Learning to accept having paws handled requires a level of trust. 

Learning to accept having paws handled requires a level of trust. 

6. Solutions For Dogs Who Hate Paw Handling

Now that you are aware of why dogs hate having their feet handled, you may be interested in knowing what you can do to make handling those feet less uncomfortable. 

This is important considering that a day may come when you may need to inspect your dog's feet for thorns, cuts or burrs and you will need your dog to be collaborative. Following are several tips.

Exclude Problems 

If your dog is normally fine having his paws touched, but now he's acting defensive, consider that there may be something wrong.

Perhaps there is a cut, a blister, an interdigital cyst or pyoderma or some foreign object embedded. 

When in doubt, it's best to have your dog see the vet for proper diagnosis and treatment. 

Start Early 

Prevention is worth a pound of cure! Start paw-handling exercises with puppies from a young age by creating positive associations. 

Make it a habit of touching/rubbing each paw (don't forget in between the toes!) and delivering tasty treats.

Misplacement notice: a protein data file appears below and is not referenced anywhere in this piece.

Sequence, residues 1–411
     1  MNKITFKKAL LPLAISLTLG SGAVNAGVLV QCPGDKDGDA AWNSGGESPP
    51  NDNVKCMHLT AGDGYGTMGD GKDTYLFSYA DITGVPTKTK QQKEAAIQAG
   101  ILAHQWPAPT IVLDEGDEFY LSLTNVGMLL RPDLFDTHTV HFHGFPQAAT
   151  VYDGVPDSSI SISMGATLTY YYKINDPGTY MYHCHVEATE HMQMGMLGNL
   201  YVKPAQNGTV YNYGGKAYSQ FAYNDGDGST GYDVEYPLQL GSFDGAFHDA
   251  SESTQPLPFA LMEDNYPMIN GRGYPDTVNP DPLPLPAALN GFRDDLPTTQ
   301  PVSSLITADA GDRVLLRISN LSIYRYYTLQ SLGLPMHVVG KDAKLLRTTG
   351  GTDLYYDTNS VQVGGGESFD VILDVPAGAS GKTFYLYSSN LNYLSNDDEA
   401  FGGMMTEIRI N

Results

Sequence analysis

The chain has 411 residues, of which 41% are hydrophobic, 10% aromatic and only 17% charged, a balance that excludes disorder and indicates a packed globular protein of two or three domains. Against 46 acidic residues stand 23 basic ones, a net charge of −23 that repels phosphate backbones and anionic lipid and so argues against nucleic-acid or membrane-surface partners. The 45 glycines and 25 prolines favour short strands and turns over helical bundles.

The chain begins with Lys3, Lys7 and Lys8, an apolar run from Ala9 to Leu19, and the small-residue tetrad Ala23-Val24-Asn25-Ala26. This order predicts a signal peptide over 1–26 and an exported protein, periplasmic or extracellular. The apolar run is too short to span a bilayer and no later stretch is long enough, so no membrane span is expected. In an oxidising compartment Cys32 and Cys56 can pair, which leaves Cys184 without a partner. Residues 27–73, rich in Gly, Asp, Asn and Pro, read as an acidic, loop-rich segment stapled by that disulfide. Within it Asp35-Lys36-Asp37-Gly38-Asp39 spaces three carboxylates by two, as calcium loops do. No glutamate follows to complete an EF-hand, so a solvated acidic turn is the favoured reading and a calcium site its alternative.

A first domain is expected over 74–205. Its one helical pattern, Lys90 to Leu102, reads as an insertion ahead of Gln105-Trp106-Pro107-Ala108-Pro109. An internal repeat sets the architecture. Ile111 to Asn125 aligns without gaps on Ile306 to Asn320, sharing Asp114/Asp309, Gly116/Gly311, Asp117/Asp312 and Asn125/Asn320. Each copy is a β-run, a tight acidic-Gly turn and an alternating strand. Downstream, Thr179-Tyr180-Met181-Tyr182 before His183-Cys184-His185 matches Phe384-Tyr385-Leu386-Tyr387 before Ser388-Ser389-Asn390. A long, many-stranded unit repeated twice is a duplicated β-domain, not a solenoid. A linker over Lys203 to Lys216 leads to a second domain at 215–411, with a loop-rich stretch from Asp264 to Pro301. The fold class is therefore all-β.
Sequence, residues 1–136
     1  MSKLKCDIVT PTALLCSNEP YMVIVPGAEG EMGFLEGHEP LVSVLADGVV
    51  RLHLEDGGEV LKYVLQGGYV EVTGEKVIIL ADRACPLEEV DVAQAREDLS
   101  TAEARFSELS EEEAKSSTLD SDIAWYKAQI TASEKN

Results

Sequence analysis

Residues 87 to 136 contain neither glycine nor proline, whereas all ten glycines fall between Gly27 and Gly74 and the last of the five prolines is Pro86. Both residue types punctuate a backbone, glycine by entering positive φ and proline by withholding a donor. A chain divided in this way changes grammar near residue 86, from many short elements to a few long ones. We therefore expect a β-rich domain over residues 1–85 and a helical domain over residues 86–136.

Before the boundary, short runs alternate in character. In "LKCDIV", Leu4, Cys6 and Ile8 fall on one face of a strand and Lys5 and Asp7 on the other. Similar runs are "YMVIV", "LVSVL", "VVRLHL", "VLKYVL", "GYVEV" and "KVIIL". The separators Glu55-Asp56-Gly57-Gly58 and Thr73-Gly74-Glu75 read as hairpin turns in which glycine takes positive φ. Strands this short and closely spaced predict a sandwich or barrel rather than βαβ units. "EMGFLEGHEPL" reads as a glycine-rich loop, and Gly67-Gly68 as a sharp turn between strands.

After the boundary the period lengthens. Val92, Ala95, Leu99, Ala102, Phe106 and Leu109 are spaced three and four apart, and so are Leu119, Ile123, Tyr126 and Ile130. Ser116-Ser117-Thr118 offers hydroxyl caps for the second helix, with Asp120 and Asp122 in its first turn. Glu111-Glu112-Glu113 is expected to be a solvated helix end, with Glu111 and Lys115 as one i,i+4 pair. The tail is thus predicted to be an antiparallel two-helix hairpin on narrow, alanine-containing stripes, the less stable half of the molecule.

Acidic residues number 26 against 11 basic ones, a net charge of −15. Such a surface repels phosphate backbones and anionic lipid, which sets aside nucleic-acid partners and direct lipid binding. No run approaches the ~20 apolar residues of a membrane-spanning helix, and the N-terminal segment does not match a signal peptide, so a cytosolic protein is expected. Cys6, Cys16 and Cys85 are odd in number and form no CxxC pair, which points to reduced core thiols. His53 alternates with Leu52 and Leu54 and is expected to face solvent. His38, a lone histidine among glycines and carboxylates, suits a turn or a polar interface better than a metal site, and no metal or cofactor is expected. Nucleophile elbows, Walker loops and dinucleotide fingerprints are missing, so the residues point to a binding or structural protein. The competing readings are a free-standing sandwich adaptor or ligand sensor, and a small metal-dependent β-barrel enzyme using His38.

Make Safety Top Priority  

Use caution with defensive dogs. 

If your dog has ever growled or shown any signs of aggression, please consult with a dog behavior professional, using kind, positive-based behavior modification.

Make the Nail Trimmer a Friend

Make the nail trimmer your dog's best friend. Let your dog get used to seeing the nail trimmer around. Don't just get it out when your dog needs a nail trim. 

Keep the trimmer behind your back and then show it to your dog. Every time he sees it or sniffs it, give a treat. Then put it behind your back again and repeat several times.

Go slow. Don't make those nail trims a tedious job during which your dog is wincing every time a nail is trimmed. Try doing just one or two nails a day and make it a fun, rewarding and upbeat activity! 

Create positive associations with nail trims. Every time you clip a nail, praise and give a high-value treat. 

Try Different Tools 

Some dogs do better with Dremel nail-grinding tools, but require getting used to its sound and feel on the nails. 

A Trick of the Trade

For a good reason, veterinarians and groomers often place dogs on a table often made of stainless steel.

When dogs are placed on a tall and cold surface, they'll focus more on gaining stability than what's going on with their feet. 

At home, you can try placing your dog on a washing machine or dyer.

A Little Shortcut

For desperate cases, consider that long, fast-paced daily walks on concrete can help naturally trim a dog's nails.

 Ask your vet if your dog is a developing puppy as exercising on hard surfaces can cause damage to the dog's growth plates.